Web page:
Sunday, May 26, 2013

A great idea: blood transfusions!

Today thanks to Hank Green (video below) I learnt something interesting about blood transfusions.

The first experiments were performed in the 17th century by William Harvey (1578-1657) and they were between animals, specifically dogs.

The first documented transfusion  involving humans and animals (yes... animals!) were performed in France by  Jean Baptiste Devys (1643-1704).  On June 15, 1667,  he successfully transfused the blood of a sheep into a 15-years old boy, who, surprisingly, suvived! His survival was probably due to the small amount of blood tranfused.

Richard Lower (1631-1691) in England also performed similar experiments between animals (especially sheep) and humans.

The reason behind these experiments was the belief that blood was responsible for the personality  person. So getting a bit of blood from a gentle animal might quiet the tempestuous spirit of an agitated person and that the shy might be made outgoing by blood from more sociable creatures.

These first experimenters (and expecially their patients) were really really lucky!
In the 17th century, there were  so many things (watch the video below) that could go wrong and, not surprisingly, soon they did!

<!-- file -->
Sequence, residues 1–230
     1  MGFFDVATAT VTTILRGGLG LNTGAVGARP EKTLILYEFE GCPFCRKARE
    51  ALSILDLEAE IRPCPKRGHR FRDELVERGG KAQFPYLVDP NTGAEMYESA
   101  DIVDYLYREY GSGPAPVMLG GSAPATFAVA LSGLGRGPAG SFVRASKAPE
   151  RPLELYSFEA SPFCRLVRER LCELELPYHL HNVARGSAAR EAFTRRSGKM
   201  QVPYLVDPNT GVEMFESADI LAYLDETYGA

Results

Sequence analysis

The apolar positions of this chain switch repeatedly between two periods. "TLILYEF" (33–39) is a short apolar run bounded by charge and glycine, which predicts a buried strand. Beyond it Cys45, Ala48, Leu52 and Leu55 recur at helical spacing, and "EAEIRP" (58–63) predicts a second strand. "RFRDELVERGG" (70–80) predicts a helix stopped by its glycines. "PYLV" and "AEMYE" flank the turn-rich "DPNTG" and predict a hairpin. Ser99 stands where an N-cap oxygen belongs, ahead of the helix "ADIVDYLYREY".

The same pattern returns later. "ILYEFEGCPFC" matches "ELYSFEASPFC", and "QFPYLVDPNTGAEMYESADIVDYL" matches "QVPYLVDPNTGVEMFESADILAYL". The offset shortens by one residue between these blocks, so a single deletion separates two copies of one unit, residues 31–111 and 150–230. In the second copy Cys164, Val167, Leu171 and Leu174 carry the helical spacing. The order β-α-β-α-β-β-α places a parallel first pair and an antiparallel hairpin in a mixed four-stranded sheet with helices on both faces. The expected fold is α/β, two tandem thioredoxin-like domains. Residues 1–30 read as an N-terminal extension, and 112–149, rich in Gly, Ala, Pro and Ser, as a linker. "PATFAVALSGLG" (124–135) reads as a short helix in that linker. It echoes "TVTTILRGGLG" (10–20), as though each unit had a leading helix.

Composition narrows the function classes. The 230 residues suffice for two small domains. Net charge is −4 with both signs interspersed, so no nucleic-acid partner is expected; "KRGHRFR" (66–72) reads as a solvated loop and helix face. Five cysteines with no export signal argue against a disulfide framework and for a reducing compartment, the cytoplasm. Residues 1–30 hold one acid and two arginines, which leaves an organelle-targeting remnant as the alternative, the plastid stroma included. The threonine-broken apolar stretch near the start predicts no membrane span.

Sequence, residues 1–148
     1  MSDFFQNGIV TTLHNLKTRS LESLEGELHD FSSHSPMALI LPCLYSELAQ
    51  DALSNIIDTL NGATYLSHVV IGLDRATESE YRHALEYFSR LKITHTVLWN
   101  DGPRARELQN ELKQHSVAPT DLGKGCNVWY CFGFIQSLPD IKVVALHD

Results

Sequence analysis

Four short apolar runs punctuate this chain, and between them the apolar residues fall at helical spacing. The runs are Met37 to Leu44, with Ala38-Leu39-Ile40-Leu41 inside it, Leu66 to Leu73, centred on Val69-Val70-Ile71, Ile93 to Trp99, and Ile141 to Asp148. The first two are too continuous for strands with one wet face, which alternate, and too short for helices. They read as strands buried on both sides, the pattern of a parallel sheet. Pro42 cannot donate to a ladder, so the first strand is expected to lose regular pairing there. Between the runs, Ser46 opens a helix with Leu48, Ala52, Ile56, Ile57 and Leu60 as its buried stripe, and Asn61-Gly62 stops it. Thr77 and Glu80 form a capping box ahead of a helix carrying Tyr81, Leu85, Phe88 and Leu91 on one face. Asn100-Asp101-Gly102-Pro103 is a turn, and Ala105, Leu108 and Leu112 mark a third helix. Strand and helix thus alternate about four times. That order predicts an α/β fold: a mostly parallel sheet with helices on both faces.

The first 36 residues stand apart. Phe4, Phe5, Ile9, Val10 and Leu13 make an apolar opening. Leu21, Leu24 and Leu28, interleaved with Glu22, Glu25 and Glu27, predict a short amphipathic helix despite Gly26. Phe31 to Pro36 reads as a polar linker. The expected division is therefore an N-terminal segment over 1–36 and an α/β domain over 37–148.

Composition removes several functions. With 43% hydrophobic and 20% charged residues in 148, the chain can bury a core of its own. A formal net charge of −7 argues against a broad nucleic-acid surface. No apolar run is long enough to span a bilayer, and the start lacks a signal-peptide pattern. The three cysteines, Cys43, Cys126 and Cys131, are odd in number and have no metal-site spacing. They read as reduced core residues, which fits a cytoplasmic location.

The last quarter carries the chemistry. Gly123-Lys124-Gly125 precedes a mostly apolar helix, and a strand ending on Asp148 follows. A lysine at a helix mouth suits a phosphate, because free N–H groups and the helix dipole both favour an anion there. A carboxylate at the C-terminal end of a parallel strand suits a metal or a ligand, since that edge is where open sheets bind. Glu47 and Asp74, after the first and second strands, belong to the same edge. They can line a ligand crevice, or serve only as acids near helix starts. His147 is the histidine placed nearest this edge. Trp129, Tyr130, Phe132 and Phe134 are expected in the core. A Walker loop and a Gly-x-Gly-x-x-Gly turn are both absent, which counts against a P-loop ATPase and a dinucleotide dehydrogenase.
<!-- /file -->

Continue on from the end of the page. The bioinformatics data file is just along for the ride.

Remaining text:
Patients receinving blood from animals began to die and this procedure was banned /abandoned for about one hundred and fifty years.

In 1818, James Blundell (1791-1878) performed the first human to human blood transfusion but it took  about one hundred years until blood tranfusions achieved regular success.
One the greatest improvements was the discorvery of blood groups  by the Austian biologist and physician Karl Landsteiner (1868-1943). This knowledge was fundamental because it allowed a safe match between donors and reciepents in blood transfusions. Indeed, mixing blood types from two incompatible individuals could lead to an immune response with potentially fatal consequenses.

Blood tranfusions are important and, if you are able to,  please donate!


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